uu.seUppsala University Publications
Change search
CiteExportLink to record
Permanent link

Direct link
Cite
Citation style
  • apa
  • ieee
  • modern-language-association
  • vancouver
  • Other style
More styles
Language
  • de-DE
  • en-GB
  • en-US
  • fi-FI
  • nn-NO
  • nn-NB
  • sv-SE
  • Other locale
More languages
Output format
  • html
  • text
  • asciidoc
  • rtf
An ex vivo loop system models the toxicity and efficacy of PEGylated and unmodified adenovirus serotype 5 in whole human blood
Uppsala University, Disciplinary Domain of Medicine and Pharmacy, Faculty of Medicine, Department of Oncology, Radiology and Clinical Immunology, Clinical Immunology. (Essand)
Uppsala University, Disciplinary Domain of Medicine and Pharmacy, Faculty of Medicine, Department of Oncology, Radiology and Clinical Immunology, Clinical Immunology. (Essand)
Uppsala University, Disciplinary Domain of Medicine and Pharmacy, Faculty of Medicine, Department of Oncology, Radiology and Clinical Immunology, Clinical Immunology. (Essand)
Uppsala University, Disciplinary Domain of Medicine and Pharmacy, Faculty of Medicine, Department of Oncology, Radiology and Clinical Immunology, Clinical Immunology.
Show others and affiliations
2010 (English)In: Gene Therapy, ISSN 0969-7128, E-ISSN 1476-5462, Vol. 17, no 6, p. 752-762Article in journal (Refereed) Published
Abstract [en]

Polyethylene glycol coating (PEGylation) of adenovirus serotype 5 (Ad5) has been shown to effectively reduce immunogenicity and increase circulation time of intravenously administered virus in mouse models. Herein, we monitored clot formation, complement activation, cytokine release and blood cell association upon addition of uncoated or PEGylated Ad5 to human whole blood. We used a novel blood loop model where human blood from healthy donors was mixed with virus and incubated in heparin-coated PVC tubing while rotating at 37°C for up to 8 hours. Production of the complement components C3a and C5a and the cytokines IL-8, RANTES and MCP-1 was significantly lower with 20K-PEGylated Ad5 than with uncoated Ad5. PEGylation prevented clotting and reduced Ad5 binding to blood cells in blood with low ability to neutralize Ad5. The effect was particularly pronounced in monocytes, granulocytes, B-cells and T-cells, but could also be observed in erythrocytes and platelets. In conclusion, PEGylation of Ad5 can reduce the immune response mounted in human blood, although the protective effects are rather modest in contrast to published mouse data. Our findings underline the importance of developing reliable models and we propose the use of human whole blood models in pre-clinical screening of gene therapy vectors.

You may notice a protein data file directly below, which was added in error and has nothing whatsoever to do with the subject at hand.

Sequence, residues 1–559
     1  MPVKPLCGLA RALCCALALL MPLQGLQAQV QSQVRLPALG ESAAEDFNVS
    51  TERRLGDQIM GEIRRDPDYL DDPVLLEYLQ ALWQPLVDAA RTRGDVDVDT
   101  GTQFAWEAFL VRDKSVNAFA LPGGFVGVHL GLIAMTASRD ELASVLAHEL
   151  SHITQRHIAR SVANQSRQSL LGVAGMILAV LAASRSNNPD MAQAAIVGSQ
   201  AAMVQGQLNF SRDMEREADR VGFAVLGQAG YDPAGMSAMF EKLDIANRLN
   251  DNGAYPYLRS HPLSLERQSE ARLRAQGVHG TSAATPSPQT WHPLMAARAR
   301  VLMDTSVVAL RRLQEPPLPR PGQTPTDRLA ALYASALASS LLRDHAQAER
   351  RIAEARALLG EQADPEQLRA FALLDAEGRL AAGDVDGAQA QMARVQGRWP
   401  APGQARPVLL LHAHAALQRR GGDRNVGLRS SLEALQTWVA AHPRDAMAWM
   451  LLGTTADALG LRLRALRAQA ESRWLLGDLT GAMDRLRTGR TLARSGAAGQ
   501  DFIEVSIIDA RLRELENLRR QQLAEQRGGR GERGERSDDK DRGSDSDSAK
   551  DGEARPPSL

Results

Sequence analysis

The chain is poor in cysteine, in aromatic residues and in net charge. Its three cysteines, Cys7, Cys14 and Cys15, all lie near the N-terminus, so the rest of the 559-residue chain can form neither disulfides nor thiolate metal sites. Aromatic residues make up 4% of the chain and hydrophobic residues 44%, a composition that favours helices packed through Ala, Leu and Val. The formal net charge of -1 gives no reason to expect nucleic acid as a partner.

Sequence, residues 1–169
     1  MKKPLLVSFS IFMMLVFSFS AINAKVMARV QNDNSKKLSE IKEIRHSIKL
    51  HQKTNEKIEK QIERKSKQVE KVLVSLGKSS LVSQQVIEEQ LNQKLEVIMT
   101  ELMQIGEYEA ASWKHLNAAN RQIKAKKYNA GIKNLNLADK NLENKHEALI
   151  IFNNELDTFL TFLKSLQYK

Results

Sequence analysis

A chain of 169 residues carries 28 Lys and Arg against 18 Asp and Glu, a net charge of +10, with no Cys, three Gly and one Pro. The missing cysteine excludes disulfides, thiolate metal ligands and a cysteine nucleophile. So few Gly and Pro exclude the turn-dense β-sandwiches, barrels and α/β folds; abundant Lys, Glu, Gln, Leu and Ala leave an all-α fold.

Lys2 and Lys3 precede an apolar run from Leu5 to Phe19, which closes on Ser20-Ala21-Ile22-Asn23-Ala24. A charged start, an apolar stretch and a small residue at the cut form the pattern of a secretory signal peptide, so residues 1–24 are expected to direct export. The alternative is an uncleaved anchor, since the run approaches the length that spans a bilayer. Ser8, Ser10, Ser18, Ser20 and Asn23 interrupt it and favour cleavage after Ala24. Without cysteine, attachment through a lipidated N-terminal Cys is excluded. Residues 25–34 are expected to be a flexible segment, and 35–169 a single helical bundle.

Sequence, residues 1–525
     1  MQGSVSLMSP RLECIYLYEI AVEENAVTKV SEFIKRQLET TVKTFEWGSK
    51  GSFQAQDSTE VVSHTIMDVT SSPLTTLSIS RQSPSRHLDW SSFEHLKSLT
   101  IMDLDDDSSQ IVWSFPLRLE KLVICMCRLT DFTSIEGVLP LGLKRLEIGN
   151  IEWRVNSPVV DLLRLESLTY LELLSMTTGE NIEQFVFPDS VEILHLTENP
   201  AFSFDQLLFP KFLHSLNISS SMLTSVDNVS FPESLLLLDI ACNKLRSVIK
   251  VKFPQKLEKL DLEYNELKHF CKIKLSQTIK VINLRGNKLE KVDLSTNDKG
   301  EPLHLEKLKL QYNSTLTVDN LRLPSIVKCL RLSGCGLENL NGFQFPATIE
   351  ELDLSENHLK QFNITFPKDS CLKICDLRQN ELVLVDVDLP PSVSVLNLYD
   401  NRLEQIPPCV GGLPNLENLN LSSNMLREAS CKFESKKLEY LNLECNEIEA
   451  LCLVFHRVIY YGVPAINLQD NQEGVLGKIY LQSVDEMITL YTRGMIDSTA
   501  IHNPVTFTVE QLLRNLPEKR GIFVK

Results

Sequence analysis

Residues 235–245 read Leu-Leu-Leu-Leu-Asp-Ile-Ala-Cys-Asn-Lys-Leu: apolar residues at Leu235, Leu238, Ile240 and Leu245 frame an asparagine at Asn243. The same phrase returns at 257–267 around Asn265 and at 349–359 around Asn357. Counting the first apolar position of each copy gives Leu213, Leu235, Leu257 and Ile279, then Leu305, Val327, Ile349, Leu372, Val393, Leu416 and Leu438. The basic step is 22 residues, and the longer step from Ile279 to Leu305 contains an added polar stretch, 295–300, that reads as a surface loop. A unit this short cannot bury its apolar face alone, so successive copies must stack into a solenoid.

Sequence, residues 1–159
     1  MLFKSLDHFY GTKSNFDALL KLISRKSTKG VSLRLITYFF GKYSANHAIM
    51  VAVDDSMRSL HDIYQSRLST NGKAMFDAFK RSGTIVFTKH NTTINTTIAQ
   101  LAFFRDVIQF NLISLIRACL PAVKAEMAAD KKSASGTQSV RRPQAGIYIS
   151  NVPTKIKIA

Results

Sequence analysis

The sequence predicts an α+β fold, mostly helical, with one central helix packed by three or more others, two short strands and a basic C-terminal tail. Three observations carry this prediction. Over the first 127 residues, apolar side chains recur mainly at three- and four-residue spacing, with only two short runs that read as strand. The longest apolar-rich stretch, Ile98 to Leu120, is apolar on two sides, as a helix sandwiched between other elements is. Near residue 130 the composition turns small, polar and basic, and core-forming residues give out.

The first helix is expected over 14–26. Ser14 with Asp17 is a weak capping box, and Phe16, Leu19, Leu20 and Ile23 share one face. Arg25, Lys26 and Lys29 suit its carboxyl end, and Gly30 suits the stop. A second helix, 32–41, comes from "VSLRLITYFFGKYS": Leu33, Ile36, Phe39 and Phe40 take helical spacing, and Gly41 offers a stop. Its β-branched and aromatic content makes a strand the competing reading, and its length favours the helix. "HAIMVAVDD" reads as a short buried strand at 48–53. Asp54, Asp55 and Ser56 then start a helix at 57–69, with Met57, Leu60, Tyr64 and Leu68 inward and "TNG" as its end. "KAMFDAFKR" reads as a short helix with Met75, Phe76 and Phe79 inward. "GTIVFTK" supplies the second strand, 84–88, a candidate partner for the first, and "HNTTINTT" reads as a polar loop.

Place, publisher, year, edition, pages
Nature Publishing Group , 2010. Vol. 17, no 6, p. 752-762
Keywords [en]
human blood model, PEGylated adenovirus, immune response, cytokines, complement system, cell adhesion
National Category
Medical and Health Sciences
Research subject
Medicine; Immunology
Identifiers
URN: urn:nbn:se:uu:diva-114383DOI: 10.1038/gt.2010.18ISI: 000278571400008PubMedID: 20220781OAI: oai:DiVA.org:uu-114383DiVA, id: diva2:293866
Available from: 2010-02-15 Created: 2010-02-15 Last updated: 2017-12-12Bibliographically approved
In thesis
1. Adenovirus-mediated Gene Therapy of Prostate Cancer
Open this publication in new window or tab >>Adenovirus-mediated Gene Therapy of Prostate Cancer
2010 (English)Doctoral thesis, comprehensive summary (Other academic)
Abstract [en]

Adenovirus-mediated gene therapy is a potential complement to standard cancer treatments. Advantages are that vectors can be used to target tumors and that replicating viruses lead to increased therapeutic dosage.